Grand Coalition Not
Angela Merkel's government faces another test. Not only is AfD the leading party in an Eastern Germany poll, Merkel is infighting with SPD and CSU, her coalition partners, at the national level.
Another Welt poll shows Majority Sees Right-Wing Radicalism as Mainly an Eastern Problem.
- 66% say Germany has changed for the worse since the beginning of the refugee crisis in 2015 to the negative.
- Only 17% said Germany has change for the better.
- 82% perceive the social climate as significantly rougher compared to previous years, 11 percent deny this.
- 61% of citizens feel just as safe in 2018 as in 2015, only 36 percent feel more insecure. (Note the comparison "just as safe" to "more insecure". A valid comparison would be more safe vs less safe)
- 27% think it's okay to protest against foreigners, while 66% do not understand it. For protests against violent acts of foreigners showed 71% of the interviewees understand, only 21% considered such protests as wrong.
- 50% believe that too many migrants come to Germany. 35% perceive the number as relative. 4% say immigration is too low.
Those in the "More Europe" crowd cannot be pleased with the survey results or events in East Germany.
Merkel Under Pressure
Eurointelligence has a bizarre story about a rift between CDU, CSU, and SPD.
As background to this story, Merkel decided to sack Hans-Georg Maaßen, the president of Germany’s Federal Office for the Protection of the Constitution.
Her reason was that Maaßen made some inflammatory, anti-immigration statements in support of protests. Moreover, Maaßen is allegedly affiliated with AfD.
Here's the bizarre part: Under the German constitution only the interior minister, not the chancellor, is entitled to fire Maaßen.
Merkel could fire the interior minister, but that is Horst Seehofer, her CSU coalition partner.
Firing Seehofer might have triggered the dissolution of the "Grand Coalition". Yet SPD, Merkel's other coalition partner insisted that Maaßen had to go.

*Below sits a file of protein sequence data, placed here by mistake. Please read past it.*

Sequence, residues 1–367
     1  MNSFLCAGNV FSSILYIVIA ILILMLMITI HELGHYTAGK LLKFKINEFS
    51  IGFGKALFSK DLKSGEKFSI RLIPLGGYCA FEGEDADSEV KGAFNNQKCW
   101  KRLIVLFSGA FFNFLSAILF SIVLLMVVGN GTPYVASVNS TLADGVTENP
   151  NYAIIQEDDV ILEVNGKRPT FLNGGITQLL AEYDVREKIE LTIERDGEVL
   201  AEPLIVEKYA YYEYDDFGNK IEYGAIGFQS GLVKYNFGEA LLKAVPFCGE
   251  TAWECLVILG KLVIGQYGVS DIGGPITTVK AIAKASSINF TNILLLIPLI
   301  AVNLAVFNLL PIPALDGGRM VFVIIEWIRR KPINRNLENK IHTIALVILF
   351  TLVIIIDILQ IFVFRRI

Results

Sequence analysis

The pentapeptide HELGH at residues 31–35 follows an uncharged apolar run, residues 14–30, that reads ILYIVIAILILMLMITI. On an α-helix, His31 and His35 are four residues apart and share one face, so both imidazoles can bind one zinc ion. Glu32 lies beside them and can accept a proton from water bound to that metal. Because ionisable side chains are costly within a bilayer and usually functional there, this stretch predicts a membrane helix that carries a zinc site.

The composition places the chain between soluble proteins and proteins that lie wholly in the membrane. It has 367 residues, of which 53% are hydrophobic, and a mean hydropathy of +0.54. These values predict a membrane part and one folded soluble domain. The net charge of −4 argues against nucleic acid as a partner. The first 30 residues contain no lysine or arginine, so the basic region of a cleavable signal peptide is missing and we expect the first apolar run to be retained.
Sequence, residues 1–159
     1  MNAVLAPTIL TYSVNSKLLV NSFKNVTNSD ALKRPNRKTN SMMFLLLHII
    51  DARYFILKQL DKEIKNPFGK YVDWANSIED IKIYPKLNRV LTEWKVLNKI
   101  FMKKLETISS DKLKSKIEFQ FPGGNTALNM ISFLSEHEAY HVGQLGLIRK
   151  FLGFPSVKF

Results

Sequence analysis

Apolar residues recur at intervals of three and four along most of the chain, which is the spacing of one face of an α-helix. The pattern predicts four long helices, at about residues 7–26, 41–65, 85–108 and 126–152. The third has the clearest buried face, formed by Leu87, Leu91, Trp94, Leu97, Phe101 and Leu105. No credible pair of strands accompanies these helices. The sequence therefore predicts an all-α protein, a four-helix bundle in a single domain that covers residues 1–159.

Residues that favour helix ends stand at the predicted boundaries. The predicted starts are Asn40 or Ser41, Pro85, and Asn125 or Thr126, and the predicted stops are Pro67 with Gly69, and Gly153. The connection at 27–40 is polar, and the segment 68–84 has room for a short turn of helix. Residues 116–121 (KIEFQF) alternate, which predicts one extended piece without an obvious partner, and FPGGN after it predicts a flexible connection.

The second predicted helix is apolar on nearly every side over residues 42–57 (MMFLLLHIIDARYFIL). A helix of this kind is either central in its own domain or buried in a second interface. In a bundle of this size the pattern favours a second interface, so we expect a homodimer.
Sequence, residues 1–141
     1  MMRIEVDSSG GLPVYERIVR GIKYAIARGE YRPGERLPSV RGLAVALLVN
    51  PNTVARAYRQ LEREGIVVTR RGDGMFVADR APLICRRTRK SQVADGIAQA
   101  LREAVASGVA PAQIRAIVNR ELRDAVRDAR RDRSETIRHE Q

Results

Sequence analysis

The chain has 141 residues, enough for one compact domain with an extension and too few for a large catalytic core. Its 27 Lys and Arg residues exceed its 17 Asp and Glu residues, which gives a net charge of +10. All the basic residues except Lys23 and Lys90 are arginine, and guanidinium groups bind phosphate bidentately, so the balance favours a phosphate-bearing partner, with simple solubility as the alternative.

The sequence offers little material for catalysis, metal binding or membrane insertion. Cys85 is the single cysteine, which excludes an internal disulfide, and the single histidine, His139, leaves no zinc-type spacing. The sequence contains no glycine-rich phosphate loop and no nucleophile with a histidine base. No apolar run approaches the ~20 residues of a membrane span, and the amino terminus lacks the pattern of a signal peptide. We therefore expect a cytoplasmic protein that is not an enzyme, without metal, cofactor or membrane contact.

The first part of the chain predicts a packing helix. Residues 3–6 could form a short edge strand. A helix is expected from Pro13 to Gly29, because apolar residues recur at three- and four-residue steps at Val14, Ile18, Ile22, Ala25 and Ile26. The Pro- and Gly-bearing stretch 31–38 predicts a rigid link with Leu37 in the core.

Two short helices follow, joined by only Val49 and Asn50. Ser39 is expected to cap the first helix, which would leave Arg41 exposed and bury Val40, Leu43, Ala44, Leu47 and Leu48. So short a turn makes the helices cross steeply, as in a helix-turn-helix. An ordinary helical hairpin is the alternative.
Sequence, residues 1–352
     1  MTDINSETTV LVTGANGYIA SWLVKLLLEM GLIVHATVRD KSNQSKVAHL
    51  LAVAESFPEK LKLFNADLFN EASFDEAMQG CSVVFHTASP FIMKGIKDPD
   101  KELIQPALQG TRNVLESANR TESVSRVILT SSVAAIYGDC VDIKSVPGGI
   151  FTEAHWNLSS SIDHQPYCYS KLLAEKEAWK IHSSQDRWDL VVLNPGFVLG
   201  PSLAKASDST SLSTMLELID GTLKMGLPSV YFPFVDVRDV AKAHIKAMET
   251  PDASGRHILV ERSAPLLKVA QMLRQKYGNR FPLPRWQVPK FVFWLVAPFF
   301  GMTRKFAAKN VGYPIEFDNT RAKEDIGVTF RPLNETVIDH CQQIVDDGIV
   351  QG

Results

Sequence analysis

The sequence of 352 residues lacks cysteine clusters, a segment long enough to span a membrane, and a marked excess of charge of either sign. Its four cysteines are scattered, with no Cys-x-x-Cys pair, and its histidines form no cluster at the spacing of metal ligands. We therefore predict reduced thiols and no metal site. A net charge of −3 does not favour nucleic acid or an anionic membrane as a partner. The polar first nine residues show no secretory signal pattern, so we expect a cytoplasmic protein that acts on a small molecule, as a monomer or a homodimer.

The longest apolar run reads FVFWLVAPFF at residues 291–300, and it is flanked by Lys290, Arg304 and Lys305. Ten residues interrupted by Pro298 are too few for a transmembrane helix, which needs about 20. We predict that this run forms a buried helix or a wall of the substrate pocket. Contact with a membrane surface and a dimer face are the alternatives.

Now for the truly bizarre: Merkel's solution was to get Maaßen out of his current position by promoting him.
> What makes this story important is its capacity to bring out the old conflict inside the coalition over how to deal with immigrants, especially violent immigrants.
> We think that a break in the coalition might help the CSU in its home state, but the views within the party leadership are divided. Nevertheless it is possible that Seehofer might resign and effectively force his party’s hand. The party can hardly afford to have its chairman resign on a point of principle over immigration, and then dispatch a more compliant interior minister to Berlin. The AfD would have a field day at the election. Its co-leader in the Bundestag argues that Maaßen has been one of the few effective officials in the fight against crimes committed by immigrants.
> It is also interesting to see how Bild is covering the story. The paper has been one of the most loyal supporters of Merkel, but not in this case. It writes that Maaßen has been a very successful.
> It is hard to see everyone coming out of this with dignity. If Merkel were to back down Andrea Nahles, SPD chief, would have a massive credibility problem as she has been pushing the hardest for Maaßen‘s dismissal.
> The paper says one way out would be for Seehofer to bring Maaßen back into the interior ministry as a state secretary, which would technically even constitute a promotion but would clearly not be seen as such politically.
That synopsis was from two days ago. By my previous comments, you know the result, posted this morning.
> Angela Merkel is certainly well versed in the art of political compromise.
> The political solution to the crisis is for Maaßen to leave his current job and to become deputy interior minister. So everybody wins, right? Maaßen gets the promotion of his life; Seehofer’s stubbornness has once again paid off; the SPD can claim that Maaßen is no longer in his old job; and Merkel has kept her fragile coalition together until the next crisis.
> It is hard to see how this very German farce could fail to benefit the AfD, which has steadfastly supported Maaßen.
> We noted a comment in FAZ this morning by Berthold Kohler, who notes that the Merkel administration goes from one crisis to the next, and expends ever more energy to tame the innate centrifugal tendencies of the coalition. What keeps the coalition together is a joint fear of the AfD.
Is this totally bizarre or what?
Mike "Mish" Shedlock